Linguist, lexicographer, radio host, public speaker

Washington Post word contest: country’s largest thief-friendly lexicon

Here’s something that peeves me like a six-wheeled peeling-and-peeving machine: newspapers reprinting email forwards without properly sourcing, dating, or citing them. It’s usually smaller newspapers that have no budgets and few staff, but still. How hard is it to properly find out where a chunk of text came from—a chunk of text that splatted in your inbox from the ether? Did not little green Martians bestow upon us Google for this very purpose?

A favorite to pass around in email and reprint in crappy newspapers everywhere are words taken from the Washington Post‘s Style Invitational in which readers invent new jokey words.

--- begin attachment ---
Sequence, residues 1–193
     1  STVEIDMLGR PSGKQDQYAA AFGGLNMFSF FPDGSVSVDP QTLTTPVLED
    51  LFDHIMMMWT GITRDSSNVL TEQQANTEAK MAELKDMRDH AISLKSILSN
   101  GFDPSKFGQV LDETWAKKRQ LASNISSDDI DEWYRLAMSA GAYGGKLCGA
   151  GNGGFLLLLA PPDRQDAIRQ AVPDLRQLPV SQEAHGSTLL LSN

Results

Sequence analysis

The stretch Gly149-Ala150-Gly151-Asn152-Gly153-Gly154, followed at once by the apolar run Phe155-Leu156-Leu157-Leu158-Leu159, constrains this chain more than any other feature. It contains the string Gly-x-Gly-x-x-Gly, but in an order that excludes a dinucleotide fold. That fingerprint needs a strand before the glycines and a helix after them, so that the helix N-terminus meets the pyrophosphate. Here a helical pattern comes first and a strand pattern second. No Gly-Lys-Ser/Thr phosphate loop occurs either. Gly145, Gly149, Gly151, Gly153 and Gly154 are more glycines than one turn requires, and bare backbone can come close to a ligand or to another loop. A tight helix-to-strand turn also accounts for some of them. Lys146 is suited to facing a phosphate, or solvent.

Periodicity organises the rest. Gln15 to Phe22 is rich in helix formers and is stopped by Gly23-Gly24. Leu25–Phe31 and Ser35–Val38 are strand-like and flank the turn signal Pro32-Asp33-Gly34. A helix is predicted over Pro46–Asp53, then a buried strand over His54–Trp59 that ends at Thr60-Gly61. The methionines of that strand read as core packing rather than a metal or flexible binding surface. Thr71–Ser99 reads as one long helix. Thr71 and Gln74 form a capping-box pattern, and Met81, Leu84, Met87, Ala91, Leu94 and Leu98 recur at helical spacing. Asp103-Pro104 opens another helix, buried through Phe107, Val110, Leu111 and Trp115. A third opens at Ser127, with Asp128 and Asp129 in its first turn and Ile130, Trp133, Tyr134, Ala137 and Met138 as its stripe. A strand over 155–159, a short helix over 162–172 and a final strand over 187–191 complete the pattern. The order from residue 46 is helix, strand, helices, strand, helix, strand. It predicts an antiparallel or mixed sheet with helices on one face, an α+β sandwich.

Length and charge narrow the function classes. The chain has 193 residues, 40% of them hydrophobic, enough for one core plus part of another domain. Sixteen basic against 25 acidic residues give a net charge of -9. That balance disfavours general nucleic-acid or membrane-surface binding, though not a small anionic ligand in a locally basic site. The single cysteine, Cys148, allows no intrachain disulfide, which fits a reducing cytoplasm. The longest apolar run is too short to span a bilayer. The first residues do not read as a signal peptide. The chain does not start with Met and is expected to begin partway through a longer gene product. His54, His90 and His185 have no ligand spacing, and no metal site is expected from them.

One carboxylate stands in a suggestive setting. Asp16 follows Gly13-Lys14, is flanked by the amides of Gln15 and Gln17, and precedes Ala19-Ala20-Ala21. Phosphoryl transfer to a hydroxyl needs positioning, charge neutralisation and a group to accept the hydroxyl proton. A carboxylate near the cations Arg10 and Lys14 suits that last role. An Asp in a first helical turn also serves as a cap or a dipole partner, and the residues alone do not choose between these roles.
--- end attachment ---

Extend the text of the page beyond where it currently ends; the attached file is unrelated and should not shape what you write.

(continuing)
In some cases, the words are attributed to the Post, in some cases not. In this case, they claim “Here are this year’s winners.” Well, no. They weren’t the winners this year, nor when the list first appeared on Usenet in 2003, when they also were labeled “this year’s winners.” No, some of those words—like intaxication and reintarnation, appeared in the Washington Post in 1998. Others, like cashtration and beelzebug, seem to not be from the Washington Post at all. Sometime during their eight-year trip through the Internet, they were yanked from another list that has itself been travelling around since 1995, when it appeared in the Sydney Morning Herald, an Australian newspaper. God and little green Martians only know where that list originated.

It’d all be different if they were, in fact, useful words, but they’re stunt words. They’re almost never used outside of these forwarded lists. They’re like pandas: good for a quick look, maybe an involuntary grin, and then you’re off to the monkey cages to speculate whether 43 bonobos could kill a silverback. Not useful.

author avatar
Grant Barrett